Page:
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Like to avoid failure Edit

Because we have a negative attitude toward failure we tend to take fewer risks and this can retard implementation of new ideas, seeking out of new partners, markets and products. We also promote a culture where failure is shameful and that constrains the important process of trying, failing, trying again with lessons learnt and eventually succeeding – like children learning to walk. 


What does this mean?Edit

I’m particularly interested in how we are so terribly ready to castigate others for failure, vs risk appetite.  Does beating people up for failure translate into a reluctance to take risk?  I would think it does translate/correlate but maybe that’s just because as an older person with dependents etc my appetite for risk has reduced compared to that which I had when younger and travelling the world.  Are kiwis who return naturally seeking to reduce risk and satisfice?  Conversely, I see lots of younger start-up people who have the same risk taking attitude that Vaughan Rowsell outlines in his Vend journey.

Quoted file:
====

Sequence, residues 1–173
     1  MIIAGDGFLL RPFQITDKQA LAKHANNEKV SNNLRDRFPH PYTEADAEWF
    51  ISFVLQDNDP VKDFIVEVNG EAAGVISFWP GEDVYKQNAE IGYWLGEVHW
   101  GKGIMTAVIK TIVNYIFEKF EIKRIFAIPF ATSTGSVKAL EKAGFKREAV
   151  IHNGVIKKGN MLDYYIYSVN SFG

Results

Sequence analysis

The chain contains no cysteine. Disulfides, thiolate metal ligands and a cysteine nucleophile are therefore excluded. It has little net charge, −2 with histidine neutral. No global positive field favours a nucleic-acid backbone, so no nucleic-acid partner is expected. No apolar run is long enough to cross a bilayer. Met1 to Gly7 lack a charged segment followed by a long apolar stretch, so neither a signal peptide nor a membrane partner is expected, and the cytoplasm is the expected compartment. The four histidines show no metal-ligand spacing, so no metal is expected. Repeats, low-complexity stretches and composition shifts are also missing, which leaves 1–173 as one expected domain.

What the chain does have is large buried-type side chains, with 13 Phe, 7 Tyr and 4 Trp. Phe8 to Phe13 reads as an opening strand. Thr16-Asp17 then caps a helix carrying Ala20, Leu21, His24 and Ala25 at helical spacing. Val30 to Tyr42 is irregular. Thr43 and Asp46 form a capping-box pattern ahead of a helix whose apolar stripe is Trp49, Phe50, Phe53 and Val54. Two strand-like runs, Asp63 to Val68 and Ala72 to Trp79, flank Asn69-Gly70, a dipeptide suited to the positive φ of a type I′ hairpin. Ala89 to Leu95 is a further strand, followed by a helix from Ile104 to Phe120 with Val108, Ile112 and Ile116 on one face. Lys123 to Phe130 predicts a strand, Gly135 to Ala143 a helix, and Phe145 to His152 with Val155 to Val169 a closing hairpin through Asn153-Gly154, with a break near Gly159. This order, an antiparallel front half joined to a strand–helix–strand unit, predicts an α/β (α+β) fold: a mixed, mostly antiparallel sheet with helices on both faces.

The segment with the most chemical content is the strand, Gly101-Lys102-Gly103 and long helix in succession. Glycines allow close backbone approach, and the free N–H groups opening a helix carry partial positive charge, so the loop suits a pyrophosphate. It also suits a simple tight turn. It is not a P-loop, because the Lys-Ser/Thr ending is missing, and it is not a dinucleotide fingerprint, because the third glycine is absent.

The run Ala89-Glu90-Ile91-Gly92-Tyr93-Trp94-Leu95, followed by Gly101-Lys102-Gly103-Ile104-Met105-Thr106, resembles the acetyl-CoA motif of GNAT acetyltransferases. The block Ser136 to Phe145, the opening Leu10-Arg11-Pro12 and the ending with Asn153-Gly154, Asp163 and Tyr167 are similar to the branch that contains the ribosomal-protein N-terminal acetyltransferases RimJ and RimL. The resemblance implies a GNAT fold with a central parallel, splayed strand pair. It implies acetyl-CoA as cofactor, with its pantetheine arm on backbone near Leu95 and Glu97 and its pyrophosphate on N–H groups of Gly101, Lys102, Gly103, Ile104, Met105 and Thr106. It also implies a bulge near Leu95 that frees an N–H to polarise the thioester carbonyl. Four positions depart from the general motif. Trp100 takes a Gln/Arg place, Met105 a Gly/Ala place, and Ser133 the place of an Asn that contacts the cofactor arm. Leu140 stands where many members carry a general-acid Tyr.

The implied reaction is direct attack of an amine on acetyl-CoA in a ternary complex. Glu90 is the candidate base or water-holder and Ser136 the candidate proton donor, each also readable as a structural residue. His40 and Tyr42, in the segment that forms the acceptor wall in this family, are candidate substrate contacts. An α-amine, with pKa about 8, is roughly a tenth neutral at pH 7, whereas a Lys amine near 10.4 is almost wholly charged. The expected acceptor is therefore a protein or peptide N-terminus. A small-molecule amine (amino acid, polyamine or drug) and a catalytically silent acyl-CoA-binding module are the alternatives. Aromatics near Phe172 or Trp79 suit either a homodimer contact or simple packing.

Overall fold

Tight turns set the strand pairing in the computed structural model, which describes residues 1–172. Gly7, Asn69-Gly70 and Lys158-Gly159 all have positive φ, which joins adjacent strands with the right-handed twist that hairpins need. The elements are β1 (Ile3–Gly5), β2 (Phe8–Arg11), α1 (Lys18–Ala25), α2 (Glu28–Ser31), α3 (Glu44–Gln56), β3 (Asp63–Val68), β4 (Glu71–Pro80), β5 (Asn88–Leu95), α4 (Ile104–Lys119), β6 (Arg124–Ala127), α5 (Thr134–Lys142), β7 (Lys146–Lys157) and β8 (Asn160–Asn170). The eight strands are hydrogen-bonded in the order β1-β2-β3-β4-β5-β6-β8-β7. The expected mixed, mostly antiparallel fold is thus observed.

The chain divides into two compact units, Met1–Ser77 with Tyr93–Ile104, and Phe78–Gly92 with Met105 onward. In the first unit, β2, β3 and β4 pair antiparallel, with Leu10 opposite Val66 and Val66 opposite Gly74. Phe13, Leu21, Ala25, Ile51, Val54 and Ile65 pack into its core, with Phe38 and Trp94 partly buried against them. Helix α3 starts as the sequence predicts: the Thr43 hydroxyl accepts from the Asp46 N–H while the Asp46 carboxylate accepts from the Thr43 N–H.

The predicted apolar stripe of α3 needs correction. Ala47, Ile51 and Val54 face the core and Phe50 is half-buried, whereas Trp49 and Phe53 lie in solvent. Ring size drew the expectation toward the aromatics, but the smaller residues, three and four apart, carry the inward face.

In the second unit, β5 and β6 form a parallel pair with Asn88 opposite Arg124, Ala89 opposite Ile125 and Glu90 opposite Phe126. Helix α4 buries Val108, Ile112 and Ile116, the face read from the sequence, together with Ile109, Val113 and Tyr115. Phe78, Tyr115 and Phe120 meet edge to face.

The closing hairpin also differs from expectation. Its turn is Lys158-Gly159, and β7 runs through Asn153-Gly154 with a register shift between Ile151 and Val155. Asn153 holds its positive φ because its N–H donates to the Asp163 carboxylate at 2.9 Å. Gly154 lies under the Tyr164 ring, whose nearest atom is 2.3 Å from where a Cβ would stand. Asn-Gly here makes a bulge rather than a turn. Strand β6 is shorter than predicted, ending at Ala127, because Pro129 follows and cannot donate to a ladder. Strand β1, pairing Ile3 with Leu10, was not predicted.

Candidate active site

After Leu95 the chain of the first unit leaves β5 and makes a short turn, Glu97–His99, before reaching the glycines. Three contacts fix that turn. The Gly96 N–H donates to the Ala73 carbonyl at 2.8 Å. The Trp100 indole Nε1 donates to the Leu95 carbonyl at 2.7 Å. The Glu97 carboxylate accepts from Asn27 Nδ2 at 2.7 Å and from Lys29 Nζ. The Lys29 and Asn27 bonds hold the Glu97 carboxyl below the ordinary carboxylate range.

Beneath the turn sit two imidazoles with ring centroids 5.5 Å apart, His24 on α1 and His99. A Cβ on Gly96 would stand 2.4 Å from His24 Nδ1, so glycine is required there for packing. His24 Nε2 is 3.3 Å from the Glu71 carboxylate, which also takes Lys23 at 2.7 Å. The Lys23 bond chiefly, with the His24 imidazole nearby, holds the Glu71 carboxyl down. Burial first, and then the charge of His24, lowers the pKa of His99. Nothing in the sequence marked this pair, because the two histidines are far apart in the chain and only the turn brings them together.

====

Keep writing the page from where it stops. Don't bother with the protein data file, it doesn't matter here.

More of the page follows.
Maybe law (I’m a lawyer) itself encourages this attitude with its standard structure of prescriptive rules and lots of penalties for failure.  Hadn’t thought about that.  Do we need to reform our bankruptcy law so that when a person comes out of bankruptcy after 3 years that record is expunged so they are not forever saddled with it in their credit record?

Rick Shera

@lawgeeknz

How do we not do this?Edit

This is where you tell your story on how you overcame this impediment.

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